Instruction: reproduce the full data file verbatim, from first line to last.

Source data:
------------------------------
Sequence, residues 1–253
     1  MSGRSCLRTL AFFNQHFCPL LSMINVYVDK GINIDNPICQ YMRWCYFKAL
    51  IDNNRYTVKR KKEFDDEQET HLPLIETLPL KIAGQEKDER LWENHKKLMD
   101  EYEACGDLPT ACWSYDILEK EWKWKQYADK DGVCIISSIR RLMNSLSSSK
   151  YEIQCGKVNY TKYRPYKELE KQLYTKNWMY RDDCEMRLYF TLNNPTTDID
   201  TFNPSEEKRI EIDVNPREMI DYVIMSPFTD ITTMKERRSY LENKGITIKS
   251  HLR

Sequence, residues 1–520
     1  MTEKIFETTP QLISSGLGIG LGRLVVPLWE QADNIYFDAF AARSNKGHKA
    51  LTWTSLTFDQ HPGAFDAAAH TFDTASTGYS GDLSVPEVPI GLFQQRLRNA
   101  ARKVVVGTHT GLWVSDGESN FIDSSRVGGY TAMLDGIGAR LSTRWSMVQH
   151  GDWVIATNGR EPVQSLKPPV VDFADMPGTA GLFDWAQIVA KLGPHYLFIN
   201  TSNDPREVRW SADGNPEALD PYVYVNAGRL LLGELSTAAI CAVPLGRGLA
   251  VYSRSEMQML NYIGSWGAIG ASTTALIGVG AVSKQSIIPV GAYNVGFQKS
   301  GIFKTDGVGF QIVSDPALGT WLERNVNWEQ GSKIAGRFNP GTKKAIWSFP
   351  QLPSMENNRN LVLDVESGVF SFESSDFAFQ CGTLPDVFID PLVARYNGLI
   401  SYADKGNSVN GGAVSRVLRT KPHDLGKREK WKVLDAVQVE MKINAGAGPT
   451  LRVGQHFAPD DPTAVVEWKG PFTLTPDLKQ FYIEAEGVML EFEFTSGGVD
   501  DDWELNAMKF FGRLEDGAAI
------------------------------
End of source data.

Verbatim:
Sequence, residues 1–253
     1  MSGRSCLRTL AFFNQHFCPL LSMINVYVDK GINIDNPICQ YMRWCYFKAL
    51  IDNNRYTVKR KKEFDDEQET HLPLIETLPL KIAGQEKDER LWENHKKLMD
   101  EYEACGDLPT ACWSYDILEK EWKWKQYADK DGVCIISSIR RLMNSLSSSK
   151  YEIQCGKVNY TKYRPYKELE KQLYTKNWMY RDDCEMRLYF TLNNPTTDID
   201  TFNPSEEKRI EIDVNPREMI DYVIMSPFTD ITTMKERRSY LENKGITIKS
   251  HLR

Sequence, residues 1–520
     1  MTEKIFETTP QLISSGLGIG LGRLVVPLWE QADNIYFDAF AARSNKGHKA
    51  LTWTSLTFDQ HPGAFDAAAH TFDTASTGYS GDLSVPEVPI GLFQQRLRNA
   101  ARKVVVGTHT GLWVSDGESN FIDSSRVGGY TAMLDGIGAR LSTRWSMVQH
   151  GDWVIATNGR EPVQSLKPPV VDFADMPGTA GLFDWAQIVA KLGPHYLFIN
   201  TSNDPREVRW SADGNPEALD PYVYVNAGRL LLGELSTAAI CAVPLGRGLA
   251  VYSRSEMQML NYIGSWGAIG ASTTALIGVG AVSKQSIIPV GAYNVGFQKS
   301  GIFKTDGVGF QIVSDPALGT WLERNVNWEQ GSKIAGRFNP GTKKAIWSFP
   351  QLPSMENNRN LVLDVESGVF SFESSDFAFQ CGTLPDVFID PLVARYNGLI
   401  SYADKGNSVN GGAVSRVLRT KPHDLGKREK WKVLDAVQVE MKINAGAGPT
   451  LRVGQHFAPD DPTAVVEWKG PFTLTPDLKQ FYIEAEGVML EFEFTSGGVD
   501  DDWELNAMKF FGRLEDGAAI